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The American Bible Challenge: More than a game

Published: Friday, Nov. 16 2012 4:55 p.m. MST

Jeff Foxworthy (far left), host of "The American Bible Challenge" game show, walks over to congratulate the show's winning team, Judson's Legacy (Drake Levasheff, left; Christina Levasheff, middle; Dean Bobar, right).

Lisa Rose, Lisa Rose/©2012 GSN

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Confetti is falling as Christina Levasheff of Orange County, Calif., stands on a stage between her husband Drake and their friend Dean Bobar. The team of three, called Judson’s Legacy, has just won the championship round of "The American Bible Challenge" game show and claimed $100,000 for the charity of their choice. As Jeff Foxworthy, the show’s host, walks over to congratulate the team, Levasheff closes her eyes, trying to comprehend the moment.

“How did we get here?” she remembers thinking to herself.

The episode, which aired Oct. 18 on GSN (formerly the Game Show Network), culminated a record-breaking debut season for the show, which is an amalgam pop culture, Bible literacy and charitable giving. More than two million viewers tuned in for the premiere alone.

To answer Levasheff’s question, at least in part, Judson’s Legacy won the show by beating out 17 other teams in a bracket-style competition spanning nine episodes, each featuring several rounds of creatively posed trivia questions. One round, called CSI: Holy Land, asks participants questions about a crime committed in the Bible. Another, titled Faithbook, shows posts from a Bible character’s “Faithbook” page before asking participants to name the character’s identity. In last round, The Final Revelation, each team is given a copy of the Bible and 10 minutes to study a given topic before answering as many questions as they can in 60 seconds.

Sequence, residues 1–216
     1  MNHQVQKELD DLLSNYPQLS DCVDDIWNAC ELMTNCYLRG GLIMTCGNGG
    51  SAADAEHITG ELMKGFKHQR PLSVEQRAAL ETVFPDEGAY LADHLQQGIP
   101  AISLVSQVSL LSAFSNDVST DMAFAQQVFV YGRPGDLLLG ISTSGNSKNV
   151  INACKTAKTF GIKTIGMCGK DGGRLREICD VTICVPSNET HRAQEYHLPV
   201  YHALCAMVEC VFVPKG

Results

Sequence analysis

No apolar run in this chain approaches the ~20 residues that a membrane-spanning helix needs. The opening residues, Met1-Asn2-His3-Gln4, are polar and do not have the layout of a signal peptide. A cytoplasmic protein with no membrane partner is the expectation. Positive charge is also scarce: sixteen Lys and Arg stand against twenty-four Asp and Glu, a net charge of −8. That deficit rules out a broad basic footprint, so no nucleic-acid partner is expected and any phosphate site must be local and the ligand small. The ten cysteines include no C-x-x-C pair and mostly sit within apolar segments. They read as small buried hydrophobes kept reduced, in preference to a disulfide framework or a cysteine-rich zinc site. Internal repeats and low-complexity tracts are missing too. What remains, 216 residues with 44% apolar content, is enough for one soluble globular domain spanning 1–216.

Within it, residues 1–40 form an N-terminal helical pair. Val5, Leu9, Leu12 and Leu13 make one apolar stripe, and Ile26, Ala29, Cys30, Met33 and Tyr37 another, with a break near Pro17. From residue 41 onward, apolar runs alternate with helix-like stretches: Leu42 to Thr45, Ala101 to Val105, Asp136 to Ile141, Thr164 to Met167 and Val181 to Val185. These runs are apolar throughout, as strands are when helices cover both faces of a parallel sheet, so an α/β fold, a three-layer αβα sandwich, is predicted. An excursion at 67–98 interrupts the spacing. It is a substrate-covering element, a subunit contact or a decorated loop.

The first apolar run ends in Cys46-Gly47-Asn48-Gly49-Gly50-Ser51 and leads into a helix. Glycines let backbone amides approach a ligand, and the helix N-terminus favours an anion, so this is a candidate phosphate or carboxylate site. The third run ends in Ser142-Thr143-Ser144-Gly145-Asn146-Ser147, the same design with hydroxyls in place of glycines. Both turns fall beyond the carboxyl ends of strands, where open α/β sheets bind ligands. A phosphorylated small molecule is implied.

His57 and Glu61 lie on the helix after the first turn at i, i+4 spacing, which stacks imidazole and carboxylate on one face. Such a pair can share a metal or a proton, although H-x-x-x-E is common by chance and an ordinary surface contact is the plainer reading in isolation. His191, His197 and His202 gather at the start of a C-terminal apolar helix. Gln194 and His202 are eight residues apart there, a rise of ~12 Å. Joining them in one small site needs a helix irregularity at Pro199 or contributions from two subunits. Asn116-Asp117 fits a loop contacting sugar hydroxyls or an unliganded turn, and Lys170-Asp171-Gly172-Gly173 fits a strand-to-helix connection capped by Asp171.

In its first season, the show gave away more than $200,000 to 18 charities. It also helped to revive biblical literacy in a nation that’s saturated with Bibles, yet famously ignorant of the Good Book. Last year, the Gideons alone gave away an average of two new Bibles per second. Still, only half of all U.S. Christians can name the Four Gospels. As the joke goes, “To most Christians, the Bible is like a software license. Nobody actually reads it, they just scroll to the bottom and click, ‘I agree.’”

Gaming the Bible



"The American Bible Challenge" played particularly well among the Dallas, Memphis and St. Louis markets and among women aged 25 to 54. The show has also spawned The American Bible Challenge Game, which is the top-ranking Bible trivia game for digital and social platforms with more than five million gameplays and 400,000 users.

All of this has GSN considering additional religious-based programming. According to David Schiff, a senior vice president for GSN, such content is in development, though nothing has been commissioned yet.

“This is an example where there was a huge swath of the country that wasn’t being catered to by mainstream entertainment,” he said. “We’re really excited that we tapped into this and activated a huge portion of the faith-based community. I hope it’s a lesson to other entertainment networks that there’s an audience out there.”



Meanwhile, preparations for the second season of "The American Bible Challenge" roll forward. Expect the show’s tag line to stay the same: "If you don’t know the Bible you don’t have a prayer." Also look for the gospel choir to return along with plenty of “amens." Beyond that, producers plan to shake things up by involving religious celebrities (a la Tim Tebow or Miranda Lambert) and by finding participants who, while passionate about the Bible, don’t necessarily look like your average Bible-study member. The sole requirement to be considered for the show is the ability to pass a Bible knowledge test.

Capturing the imagination



Some may balk at the marriage of pop culture and religion, but professor Stephen Prothero of Boston University noted that the two have long gone hand in hand. “Before you teach people you’ve got to first capture their imagination. Religion and entertainment have always been dancing together throughout American history. I think it’s effective.”



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